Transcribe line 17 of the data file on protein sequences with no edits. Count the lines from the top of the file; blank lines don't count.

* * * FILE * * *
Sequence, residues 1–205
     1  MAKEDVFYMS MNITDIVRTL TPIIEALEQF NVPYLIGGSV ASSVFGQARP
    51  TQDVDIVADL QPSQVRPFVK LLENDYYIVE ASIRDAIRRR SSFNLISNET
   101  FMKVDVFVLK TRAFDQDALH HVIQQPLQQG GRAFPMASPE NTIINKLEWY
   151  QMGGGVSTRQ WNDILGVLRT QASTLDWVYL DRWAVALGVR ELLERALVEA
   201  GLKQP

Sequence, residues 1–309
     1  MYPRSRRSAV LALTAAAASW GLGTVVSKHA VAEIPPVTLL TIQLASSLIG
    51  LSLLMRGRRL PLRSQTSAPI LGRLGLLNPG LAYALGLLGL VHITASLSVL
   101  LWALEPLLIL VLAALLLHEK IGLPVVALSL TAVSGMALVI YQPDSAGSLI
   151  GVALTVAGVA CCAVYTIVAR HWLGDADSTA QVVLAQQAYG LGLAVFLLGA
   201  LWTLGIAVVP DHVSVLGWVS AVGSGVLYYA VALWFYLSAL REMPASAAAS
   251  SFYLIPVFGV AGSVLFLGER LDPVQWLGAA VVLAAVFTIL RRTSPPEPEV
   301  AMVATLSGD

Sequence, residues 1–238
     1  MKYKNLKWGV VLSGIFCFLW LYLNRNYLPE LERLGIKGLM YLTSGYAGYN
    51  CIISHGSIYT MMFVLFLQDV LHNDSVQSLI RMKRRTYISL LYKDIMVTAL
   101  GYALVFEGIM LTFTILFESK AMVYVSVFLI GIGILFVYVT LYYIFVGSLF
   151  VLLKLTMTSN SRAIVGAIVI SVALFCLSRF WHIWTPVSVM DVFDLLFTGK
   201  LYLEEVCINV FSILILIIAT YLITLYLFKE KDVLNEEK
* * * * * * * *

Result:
    51  CIISHGSIYT MMFVLFLQDV LHNDSVQSLI RMKRRTYISL LYKDIMVTAL